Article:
The next day. MamaKent's room at the hospital. We see an Ultrasound of what looks like a relatively healthy fetus on a monitor. Dropkick, in full makeup, is watching the screen. Clark, also watching, asks if it's a boy or a girl. Labels! Bo interrupts and asks that she not tell. "We'd like to find out the old-fashioned way," MamaKent says. Well, good luck choosing all those neutral-colored baby clothes. Dropkick, who's wearing a full turtleneck, says the important thing is that she and the baby are both healthy. Dropkick says it's a medical miracle. "Your family seems to have a stockpile of them," she says. She should see their storage bins of platitudes and imported cheeses. She says that she saw Clark's blood test, as well as MamaKent's miraculous recovery. She says that if they know how it happened, they should tell her. Bo says it was just a plain ole everyday miracle. Liars! Clark plays along, too. Much eye contact between the family and Dropkick.
Outside the hospital. A youngish-looking doctor with long sideburns is stopped in his car. Lex, in his own car, pulls up next to him. He asks the guy, who's a doctor, about some information. The doctor says he shouldn't be doing this. He's giving Lex a file on a patient. This car-to-car conversation looks like it was shot on a soundstage. The doctor says he could get fired for this. He says, "Mrs. Kent was a very sick woman." Lex says she's a very good friend of his. "That's all you need to know." Lex drives off.
Dropkick's office. There's a shiny silver box with a pretty ribbon on it. Lex waits there for her. He goes to the microscope just as she walks in. Lex congratulates her on MamaKent's recovery. He says he heard from Clark that MamaKent's going to be fine. Doctor Dropkick says she doesn't know how much she had to do with it. Lex asks how she explains it, then. Silence. Lex says he knows she can't talk about her patients. Lex gives her the gift. "A going away present?" Dropkick asks. Lex says it isn't. She opens it. It's a key. Lex says it's a key to the mansion. "I want you to move in," he says. Wait, did he go blind and think she's Clark by accident? "Lex," she says. Lex says he doesn't want to stand in the way of her ambitions, but he'd be missing an opportunity if he didn't ask her to say. She gets the look of Lexy Love. She kisses him. We only see it from behind his head. She doesn't make a decision just then.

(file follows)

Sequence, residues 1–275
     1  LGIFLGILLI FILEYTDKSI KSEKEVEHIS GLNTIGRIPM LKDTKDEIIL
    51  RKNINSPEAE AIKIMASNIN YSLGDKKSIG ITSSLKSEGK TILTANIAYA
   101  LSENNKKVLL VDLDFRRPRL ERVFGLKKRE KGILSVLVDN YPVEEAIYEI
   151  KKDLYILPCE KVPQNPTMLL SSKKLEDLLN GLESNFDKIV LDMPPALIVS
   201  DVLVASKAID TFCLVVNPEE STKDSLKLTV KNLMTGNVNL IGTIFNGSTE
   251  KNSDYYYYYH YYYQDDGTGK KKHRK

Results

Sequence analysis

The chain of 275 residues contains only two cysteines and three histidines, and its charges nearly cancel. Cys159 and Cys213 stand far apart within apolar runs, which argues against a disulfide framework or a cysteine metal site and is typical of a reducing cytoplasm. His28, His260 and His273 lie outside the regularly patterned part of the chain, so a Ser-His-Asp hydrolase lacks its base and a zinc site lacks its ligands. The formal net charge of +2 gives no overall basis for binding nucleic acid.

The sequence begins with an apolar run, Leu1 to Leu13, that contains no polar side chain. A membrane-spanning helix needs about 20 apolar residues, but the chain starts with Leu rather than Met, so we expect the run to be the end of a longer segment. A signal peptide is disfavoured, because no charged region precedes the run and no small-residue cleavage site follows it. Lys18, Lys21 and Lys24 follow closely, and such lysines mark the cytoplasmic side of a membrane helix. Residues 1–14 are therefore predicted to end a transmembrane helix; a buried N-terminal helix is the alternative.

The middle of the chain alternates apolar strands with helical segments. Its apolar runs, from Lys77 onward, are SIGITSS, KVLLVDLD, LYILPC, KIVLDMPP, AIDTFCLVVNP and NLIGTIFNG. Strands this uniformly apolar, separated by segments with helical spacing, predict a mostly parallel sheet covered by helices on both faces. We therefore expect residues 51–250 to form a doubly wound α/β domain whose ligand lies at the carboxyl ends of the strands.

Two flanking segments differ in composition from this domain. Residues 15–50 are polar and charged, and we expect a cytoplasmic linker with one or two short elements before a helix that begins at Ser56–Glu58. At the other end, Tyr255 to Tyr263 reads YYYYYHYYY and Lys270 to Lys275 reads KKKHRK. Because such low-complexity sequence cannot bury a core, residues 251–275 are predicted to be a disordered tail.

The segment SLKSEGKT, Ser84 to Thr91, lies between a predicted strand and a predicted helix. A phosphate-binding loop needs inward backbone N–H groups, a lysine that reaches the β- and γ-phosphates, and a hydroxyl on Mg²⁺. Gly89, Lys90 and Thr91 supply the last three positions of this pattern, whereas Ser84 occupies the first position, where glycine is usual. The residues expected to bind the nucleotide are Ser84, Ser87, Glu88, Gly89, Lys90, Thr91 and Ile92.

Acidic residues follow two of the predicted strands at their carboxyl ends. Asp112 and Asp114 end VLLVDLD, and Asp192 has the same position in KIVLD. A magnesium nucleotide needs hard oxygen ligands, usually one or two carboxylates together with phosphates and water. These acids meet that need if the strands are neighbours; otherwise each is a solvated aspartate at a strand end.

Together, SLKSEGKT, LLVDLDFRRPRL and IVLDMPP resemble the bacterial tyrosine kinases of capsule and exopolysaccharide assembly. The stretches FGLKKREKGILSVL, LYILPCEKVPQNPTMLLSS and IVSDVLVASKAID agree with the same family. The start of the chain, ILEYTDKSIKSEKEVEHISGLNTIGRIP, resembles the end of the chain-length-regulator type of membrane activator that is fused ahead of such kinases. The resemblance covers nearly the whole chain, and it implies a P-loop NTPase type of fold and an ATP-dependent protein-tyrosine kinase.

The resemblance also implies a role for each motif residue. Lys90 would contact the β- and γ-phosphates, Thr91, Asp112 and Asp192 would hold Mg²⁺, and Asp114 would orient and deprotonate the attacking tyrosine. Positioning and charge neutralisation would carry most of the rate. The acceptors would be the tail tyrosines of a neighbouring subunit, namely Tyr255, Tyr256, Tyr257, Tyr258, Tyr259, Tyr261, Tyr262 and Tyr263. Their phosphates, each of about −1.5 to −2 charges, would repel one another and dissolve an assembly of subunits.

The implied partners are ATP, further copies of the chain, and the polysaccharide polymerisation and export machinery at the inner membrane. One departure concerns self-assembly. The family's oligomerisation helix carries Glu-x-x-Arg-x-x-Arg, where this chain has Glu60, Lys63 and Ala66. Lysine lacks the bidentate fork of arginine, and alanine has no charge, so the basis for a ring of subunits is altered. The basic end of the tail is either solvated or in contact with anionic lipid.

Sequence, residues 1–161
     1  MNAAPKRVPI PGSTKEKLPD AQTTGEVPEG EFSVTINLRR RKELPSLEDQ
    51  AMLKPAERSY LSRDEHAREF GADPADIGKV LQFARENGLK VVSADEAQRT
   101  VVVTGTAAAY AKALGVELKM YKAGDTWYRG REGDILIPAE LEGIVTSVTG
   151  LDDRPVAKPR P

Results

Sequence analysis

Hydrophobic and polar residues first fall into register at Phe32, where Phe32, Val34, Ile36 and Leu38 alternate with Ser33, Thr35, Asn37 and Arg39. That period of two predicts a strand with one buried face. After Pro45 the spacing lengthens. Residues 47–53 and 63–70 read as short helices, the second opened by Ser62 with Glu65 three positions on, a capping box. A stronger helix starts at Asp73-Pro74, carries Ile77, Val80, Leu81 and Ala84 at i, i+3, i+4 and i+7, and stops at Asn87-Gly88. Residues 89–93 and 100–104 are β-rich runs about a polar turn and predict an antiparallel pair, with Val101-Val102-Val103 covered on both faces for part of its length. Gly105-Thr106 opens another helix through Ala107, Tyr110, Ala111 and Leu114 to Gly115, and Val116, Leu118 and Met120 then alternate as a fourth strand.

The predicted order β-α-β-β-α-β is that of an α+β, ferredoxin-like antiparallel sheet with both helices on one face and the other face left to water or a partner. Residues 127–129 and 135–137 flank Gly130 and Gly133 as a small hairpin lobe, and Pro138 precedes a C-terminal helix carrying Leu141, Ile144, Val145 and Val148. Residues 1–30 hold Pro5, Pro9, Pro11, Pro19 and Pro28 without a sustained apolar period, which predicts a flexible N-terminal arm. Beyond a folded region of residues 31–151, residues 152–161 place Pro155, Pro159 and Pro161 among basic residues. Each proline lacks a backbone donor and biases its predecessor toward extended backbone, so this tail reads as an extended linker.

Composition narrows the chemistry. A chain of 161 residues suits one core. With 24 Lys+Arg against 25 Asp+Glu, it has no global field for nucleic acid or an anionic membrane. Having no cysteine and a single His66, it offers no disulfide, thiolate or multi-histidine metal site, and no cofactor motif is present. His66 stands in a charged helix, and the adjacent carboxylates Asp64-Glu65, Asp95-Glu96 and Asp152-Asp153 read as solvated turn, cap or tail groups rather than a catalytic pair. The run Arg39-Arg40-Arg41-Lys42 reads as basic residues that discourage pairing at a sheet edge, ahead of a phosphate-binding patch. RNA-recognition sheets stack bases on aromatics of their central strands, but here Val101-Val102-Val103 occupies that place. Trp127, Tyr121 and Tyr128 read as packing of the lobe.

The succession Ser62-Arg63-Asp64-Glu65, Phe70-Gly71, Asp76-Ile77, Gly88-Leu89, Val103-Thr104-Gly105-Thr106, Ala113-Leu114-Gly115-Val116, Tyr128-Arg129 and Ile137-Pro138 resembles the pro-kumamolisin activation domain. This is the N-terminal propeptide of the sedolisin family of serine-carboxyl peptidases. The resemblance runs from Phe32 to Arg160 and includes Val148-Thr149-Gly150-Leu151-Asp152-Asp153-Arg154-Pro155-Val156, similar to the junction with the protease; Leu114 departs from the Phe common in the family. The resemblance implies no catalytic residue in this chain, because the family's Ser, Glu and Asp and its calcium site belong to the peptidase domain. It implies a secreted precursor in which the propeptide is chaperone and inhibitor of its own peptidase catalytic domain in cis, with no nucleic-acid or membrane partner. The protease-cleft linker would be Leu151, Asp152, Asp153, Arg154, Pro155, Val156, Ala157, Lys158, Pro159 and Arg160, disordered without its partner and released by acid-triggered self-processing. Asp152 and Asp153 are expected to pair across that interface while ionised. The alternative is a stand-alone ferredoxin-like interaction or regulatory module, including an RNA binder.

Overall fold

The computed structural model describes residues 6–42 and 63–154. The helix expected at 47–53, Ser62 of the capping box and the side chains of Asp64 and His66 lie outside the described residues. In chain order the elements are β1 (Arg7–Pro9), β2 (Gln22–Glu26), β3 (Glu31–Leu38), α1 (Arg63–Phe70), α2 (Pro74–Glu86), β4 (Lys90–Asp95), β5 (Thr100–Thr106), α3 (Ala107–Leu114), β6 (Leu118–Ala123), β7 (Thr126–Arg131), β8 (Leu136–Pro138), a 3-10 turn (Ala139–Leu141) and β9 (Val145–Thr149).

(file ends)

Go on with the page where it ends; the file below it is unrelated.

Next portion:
The Torch office. Chloe is at a lightboard, pasting up some headlines. Somebody brought up the point recently about pagination and how if they laid their paper out on Macs, they wouldn't be doing paste-up. Some papers do pagination on screen, print and paste-up their layouts, and then send those pages to the press. Not all presses are pagination-ready. It's very realistic that a high-school paper would do it that way, especially if the press they use is as old as most. (And a new printing press can cost millions of dollars.) Anyway, I turn geek mode off. Lana walks in wearing a smart red jacket. (It looks a little like the one Chloe was wearing earlier.) Lana reads the headline. "'Attack of the killer mold spores'?" she asks. Chloe says she'll never look at bleu cheese the same way again. Lana says she couldn't bring herself to go back and see Clark when he was sick. She asks whether that makes her a horrible person. Actually, yeah. Yeah, it does. Chloe says it doesn't. Lana says it makes you realize who's important in your life. Chloe says, "Yeah," ruefully. "And who's important to Clark," Chloe says. Lana asks what she means, but Chloe doesn't really answer. Right in the middle of her paste-up, Chloe says she's going to go home and change for the benefit. Lana asks if the programs are ready. Chloe points Lana to a part of the office. Lana turns to get the programs and finds a piece of pink paper crumpled up next to the box. It's Chloe's love letter to Clark. Lana reads it out loud (but in her head.) Strummy music starts to play.